In response to our latest Make It Last Build Series project, the Drawbot, Bill Ola Rasmussen posted a link to this piece he wrote on the math involved in V-plotter design. Thanks, Bill!
What is the optimal configuration of control lines for an area to be plotted? Obviously, we can't have a drawing area above the control lines — our friend gravity sees to that. But, can we do better than hand waving and "somewhere below the control lines" for the plot area? Yes: we think up some constraints and model them with math and code (two more friends!):
Tension: We can imagine that the control lines have to be under some tension in order to be effective. For the purposes of this article we say that both string tensions must be in the range [ m/2, m*1.5 ], where m is the mass of the plotter head. Lines can neither be too slack nor too heavily loaded. The effect of this constraint is to prevent any line from being too close to horizontal or too close to vertical.
Resolution: There is a change in resolution when we map a change of length in one or both of the strings into X and Y coordinates. I.e. Coordinate system conversion causes a non-uniform step resolution. We say that, for each control line, a one unit change causes at most a 1.4 unit change in the X,Y coordinate system. We limit plotting to the area of reasonable resolution. Here our definition of reasonable is a 40% change.
To implement these requirements, we need to know how to calculate them. The next few sections talk math and have pretty pictures.
V Plotter Design
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We are thrilled to the gills to be announcing the official "Call For Makers" for Maker Faire Bay Area 2011. From the announcement, by Faire Director Sherry Huss:
We are now accepting entries for the 6th Annual Maker Faire Bay Area, May 21 and 22, 2011 at the San Mateo Event Center. We look forward to reviewing your application.
* Maker Faire Bay Area: May 21 and 22, 2011
* Entry Open Date: February 4, 2011. Please enter early so we can reserve space for your exhibit.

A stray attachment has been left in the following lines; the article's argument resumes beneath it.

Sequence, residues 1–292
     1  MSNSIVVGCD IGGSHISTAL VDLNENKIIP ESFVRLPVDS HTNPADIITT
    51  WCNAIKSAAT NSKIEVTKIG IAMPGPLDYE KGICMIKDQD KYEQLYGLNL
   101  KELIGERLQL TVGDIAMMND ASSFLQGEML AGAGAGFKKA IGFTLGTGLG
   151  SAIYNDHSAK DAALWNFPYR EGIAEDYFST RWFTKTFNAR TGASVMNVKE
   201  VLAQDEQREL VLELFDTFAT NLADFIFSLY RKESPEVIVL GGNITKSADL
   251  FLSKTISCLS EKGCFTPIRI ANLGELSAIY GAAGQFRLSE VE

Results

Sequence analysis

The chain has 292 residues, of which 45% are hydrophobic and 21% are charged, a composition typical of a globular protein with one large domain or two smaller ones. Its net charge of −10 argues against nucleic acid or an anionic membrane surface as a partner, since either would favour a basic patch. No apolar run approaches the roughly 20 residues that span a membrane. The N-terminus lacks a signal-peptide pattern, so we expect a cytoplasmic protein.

* Entry Close Date: March 14, 2011
* Entry Form
Organized by the staff of MAKE magazine, Make: Online and CRAFT, Maker Faire is a newfangled fair that brings together science, art, craft, and engineering plus music in a fun, energized, and exciting public forum. The aim is to inspire people of all ages to roll up their sleeves and become makers. This family-friendly event showcases the amazing work of all kinds of makers - anyone who is embracing the DIY spirit and wants to share their accomplishments with an appreciative audience.
We encourage you to join the fun and enter a project to exhibit.
Read the rest of the Call
OK, that may not be the most exciting headline I've ever written, and I'm not sure the exclamation point really helps all that much.
But I am, personally, nonetheless very excited about cardboard bins right now, because thanks to them, for the first time in almost five years, I am no longer burdened by a giant unsorted junk parts bucket.
I have played around with a lot of part storage systems and I've finally decided that bins are where it's at. Unfortunately, "professional" plastic parts bin systems are prohibitively expensive for the number I need to satisfy my organizational compulsion. But these fold-up corrugated bins I bought off Amazon only cost 69 cents apiece, including shipping.
I took an old bookcase and added an extra "halfway" shelf to each level; 6" per shelf leaves plenty of room to toss parts into the bins without wasting space. The finished unit holds ninety 4 x 4.5 x 12" bins, which are labeled with a thermal-tape printer and arranged alphabetically. You can see the whole enchilada in my Flickr set.